Ge, Y., García-Girón, J., Heino, J., Liu, Z., Zhang, C., Yan, Y., Xie, Z., & Li, Z. (2023). Dispersal syndromes mediate phylogenetic distance decay relationships in a dendritic stream network. Journal of Biogeography, 00, 1– 12. https://doi.org/10.1111/jbi.14583
Dispersal syndromes mediate phylogenetic distance decay relationships in a dendritic stream network
|Author:||Ge, Yihao1,2; García-Girón, Jorge3,4; Heino, Jani3;|
1Collaborative Innovation Center of Recovery and Reconstruction of Degraded Ecosystem in Wanjiang Basin Co-Founded by Anhui Province and Ministry of Education, and School of Ecology and Environment, Anhui Normal University, Wuhu, China
2The Key Laboratory of Aquatic Biodiversity and Conservation, Institute of Hydrobiology, Chinese Academy of Sciences, Wuhan, China
3Geography Research Unit, University of Oulu, Oulu, Finland
4Department of Biodiversity and Environmental Management, University of León, León, Spain
|Persistent link:|| http://urn.fi/urn:nbn:fi-fe2023031331335
John Wiley & Sons,
|Publish Date:|| 2024-03-06
Aim: Understanding the mechanisms underlying the structure and connectivity of ecological communities is a central issue in biogeography. Dispersal syndromes are tightly woven into organisms’ life history seen across populations and communities, but measuring dispersal is still complicated in practice. We investigated the role of dispersal syndromes (here, associated with body size, adult flying ability and voltinism) to predict phylogenetic distance decay relationships (DDRs) of aquatic insect assemblages in dendritic stream networks.
Location: Du River Basin, China.
Taxon: Aquatic insects (Coleoptera, Diptera, Ephemeroptera, Hemiptera, Lepidoptera, Megaloptera, Odonata, Plecoptera and Trichoptera).
Methods: We applied multiple methods (i.e. deconstruction approach, null models, Mantel tests and partial Mantel tests) to enhance our basic understanding of phylogenetic distance decay patterns. To provide additional insights into correlates of phylogenetic dissimilarity between stream sites, we modelled potential dispersal routes based on overland, watercourse and cost distances.
Results: Overland distances were among the main correlates of phylogenetic distance decay in the stream networks studied, suggesting that aquatic insects disperse overland seeking for habitats suitable for survival and reproduction. However, local environmental filtering was generally more important for phylogenetic DDRs than geographical distances alone. The interaction between environmental vs. dispersal processes in driving spatial patterns of phylogenetic dissimilarity was contingent on different dispersal syndromes. More specifically, significant phylogenetic DDRs were detected only for subsets of large-bodied, univoltine taxa with strong adult flying abilities, such as dragonflies.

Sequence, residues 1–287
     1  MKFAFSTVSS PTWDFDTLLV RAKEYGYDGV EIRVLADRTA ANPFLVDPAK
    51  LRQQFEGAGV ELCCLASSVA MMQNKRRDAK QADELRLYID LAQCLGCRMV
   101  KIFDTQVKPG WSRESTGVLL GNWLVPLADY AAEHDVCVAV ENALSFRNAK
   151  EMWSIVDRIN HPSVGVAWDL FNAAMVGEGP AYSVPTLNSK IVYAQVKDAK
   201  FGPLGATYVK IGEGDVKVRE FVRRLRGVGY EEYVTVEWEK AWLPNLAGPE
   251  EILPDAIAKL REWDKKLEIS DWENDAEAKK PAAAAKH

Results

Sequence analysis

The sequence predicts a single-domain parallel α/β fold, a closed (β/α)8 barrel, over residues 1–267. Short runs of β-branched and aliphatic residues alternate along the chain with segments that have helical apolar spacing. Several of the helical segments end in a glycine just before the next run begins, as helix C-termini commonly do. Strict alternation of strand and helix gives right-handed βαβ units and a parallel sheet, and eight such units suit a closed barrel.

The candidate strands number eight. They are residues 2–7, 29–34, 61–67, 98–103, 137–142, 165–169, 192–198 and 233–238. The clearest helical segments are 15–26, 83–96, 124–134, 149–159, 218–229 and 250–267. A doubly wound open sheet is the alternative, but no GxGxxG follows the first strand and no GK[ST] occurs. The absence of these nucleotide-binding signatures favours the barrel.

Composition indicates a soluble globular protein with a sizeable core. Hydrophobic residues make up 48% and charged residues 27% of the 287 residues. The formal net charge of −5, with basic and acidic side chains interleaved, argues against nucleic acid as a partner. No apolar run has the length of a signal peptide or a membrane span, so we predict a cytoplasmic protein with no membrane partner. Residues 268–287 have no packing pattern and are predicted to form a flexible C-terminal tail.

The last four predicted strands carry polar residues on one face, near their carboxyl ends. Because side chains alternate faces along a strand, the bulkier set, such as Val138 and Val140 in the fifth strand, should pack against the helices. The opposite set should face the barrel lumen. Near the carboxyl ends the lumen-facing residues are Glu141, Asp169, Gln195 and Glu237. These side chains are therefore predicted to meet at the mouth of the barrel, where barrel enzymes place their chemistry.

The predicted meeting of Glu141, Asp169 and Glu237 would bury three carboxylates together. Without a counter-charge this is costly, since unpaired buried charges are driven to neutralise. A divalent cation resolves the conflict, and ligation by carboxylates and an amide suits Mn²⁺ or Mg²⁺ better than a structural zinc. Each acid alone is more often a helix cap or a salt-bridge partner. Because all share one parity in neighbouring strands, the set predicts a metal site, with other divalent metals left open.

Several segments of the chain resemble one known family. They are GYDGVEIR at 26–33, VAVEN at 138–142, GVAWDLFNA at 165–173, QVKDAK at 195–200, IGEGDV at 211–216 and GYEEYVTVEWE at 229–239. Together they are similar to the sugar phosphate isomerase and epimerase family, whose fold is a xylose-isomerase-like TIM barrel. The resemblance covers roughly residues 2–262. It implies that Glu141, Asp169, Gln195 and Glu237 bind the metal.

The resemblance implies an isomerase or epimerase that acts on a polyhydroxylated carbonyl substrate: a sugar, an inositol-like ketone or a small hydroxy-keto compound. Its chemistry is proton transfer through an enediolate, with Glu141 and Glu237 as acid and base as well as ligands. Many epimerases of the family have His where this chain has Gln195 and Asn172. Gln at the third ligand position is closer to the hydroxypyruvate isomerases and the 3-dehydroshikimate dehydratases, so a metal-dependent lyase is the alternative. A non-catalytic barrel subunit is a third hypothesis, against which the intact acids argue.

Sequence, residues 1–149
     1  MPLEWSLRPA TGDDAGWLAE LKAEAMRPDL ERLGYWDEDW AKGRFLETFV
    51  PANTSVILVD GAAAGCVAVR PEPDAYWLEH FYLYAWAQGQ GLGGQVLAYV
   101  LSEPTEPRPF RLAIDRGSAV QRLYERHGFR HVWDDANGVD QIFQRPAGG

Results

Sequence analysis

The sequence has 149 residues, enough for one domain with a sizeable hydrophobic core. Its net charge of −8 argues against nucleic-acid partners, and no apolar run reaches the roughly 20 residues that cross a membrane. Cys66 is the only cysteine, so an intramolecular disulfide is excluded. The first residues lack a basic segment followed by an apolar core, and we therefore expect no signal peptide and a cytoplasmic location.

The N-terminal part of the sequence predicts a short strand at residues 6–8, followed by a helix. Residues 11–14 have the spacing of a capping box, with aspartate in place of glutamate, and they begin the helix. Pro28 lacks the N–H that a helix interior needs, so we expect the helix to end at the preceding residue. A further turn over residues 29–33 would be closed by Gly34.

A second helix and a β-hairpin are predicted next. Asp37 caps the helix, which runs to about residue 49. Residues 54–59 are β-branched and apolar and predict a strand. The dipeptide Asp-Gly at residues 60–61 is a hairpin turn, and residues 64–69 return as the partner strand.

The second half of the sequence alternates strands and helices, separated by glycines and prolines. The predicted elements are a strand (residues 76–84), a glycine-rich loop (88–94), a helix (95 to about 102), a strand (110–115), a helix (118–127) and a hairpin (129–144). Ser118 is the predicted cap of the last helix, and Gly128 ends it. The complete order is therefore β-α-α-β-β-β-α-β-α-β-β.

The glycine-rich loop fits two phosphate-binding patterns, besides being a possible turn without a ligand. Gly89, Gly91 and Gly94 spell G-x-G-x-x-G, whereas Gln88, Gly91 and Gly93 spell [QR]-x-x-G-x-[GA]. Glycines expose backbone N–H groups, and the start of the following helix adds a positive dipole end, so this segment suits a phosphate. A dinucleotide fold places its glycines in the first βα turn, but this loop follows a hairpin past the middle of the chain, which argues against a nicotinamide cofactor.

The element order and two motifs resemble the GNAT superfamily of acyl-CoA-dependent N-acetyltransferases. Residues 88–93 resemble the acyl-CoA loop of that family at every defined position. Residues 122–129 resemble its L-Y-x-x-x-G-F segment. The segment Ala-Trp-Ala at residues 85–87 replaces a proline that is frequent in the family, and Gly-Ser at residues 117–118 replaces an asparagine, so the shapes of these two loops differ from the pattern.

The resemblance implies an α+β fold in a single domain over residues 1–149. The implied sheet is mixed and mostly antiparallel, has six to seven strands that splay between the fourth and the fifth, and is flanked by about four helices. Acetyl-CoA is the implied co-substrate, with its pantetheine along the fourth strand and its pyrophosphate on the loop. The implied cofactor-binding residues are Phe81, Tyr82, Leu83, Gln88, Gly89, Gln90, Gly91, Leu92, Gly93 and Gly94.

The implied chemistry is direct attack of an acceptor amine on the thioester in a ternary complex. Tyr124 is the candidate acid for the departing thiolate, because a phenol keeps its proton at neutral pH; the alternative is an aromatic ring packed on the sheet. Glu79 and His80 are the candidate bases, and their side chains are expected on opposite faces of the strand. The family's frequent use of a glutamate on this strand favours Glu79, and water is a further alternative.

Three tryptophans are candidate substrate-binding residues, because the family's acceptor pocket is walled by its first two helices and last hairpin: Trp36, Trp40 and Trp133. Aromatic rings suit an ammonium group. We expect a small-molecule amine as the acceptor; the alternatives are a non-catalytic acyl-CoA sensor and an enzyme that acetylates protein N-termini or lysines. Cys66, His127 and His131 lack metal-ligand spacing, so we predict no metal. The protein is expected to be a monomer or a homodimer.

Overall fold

Main Conclusions: Overall, historical constraints affect the phylogenetic DDRs in aquatic insects. Dispersal syndromes associated with body size, adult flying ability and voltinism are key features underlying distance decay in phylogenetic assemblage similarity and the evolutionary legacies of aquatic insects in dendritic stream networks.
Journal of biogeography
|Type of Publication:||
A1 Journal article – refereed
|Field of Science:||
1181 Ecology, evolutionary biology
This work was supported by the National Natural Science Foundation of China (grant no. 32271664, U22A20454, 31720103905), Project of Water Resources and Aquatic Biological Survey in The Shennongjia National Park, Biodiversity Survey, Monitoring and Assessment Project of the Department of Ecology and Environment of Hubei Province, China, and Science & Technology Fundamental Resources Investigation Program (grant no. 2022FY100400, 2019FY101903), Special Foundation for National Science and Technology Basic Research Program of China (2019FY101903), Natural Science Foundation of Anhui Province (grant no. KJ2021A0116), Project of Water Resources and Aquatic Biological Survey in The Shennongjia National Park and the National Natural Science Foundation of China (grant no. 31720103905). ZL was supported by China Postdoctoral Science Foundation (2020M672447). JH and JGG were supported by the Academy of Finland (grant no. 331957).
© 2023 John Wiley & Sons Ltd. This is the peer reviewed version of the following article: Ge, Y., García-Girón, J., Heino, J., Liu, Z., Zhang, C., Yan, Y., Xie, Z., & Li, Z. (2023). Dispersal syndromes mediate phylogenetic distance decay relationships in a dendritic stream network. Journal of Biogeography, 00, 1– 12, which has been published in final form at https://doi.org/10.1111/jbi.14583. This article may be used for non-commercial purposes in accordance with Wiley Terms and Conditions for Use of Self-Archived Versions. This article may not be enhanced, enriched or otherwise transformed into a derivative work, without express permission from Wiley or by statutory rights under applicable legislation. Copyright notices must not be removed, obscured or modified. The article must be linked to Wiley’s version of record on Wiley Online Library and any embedding, framing or otherwise making available the article or pages thereof by third parties from platforms, services and websites other than Wiley Online Library must be prohibited.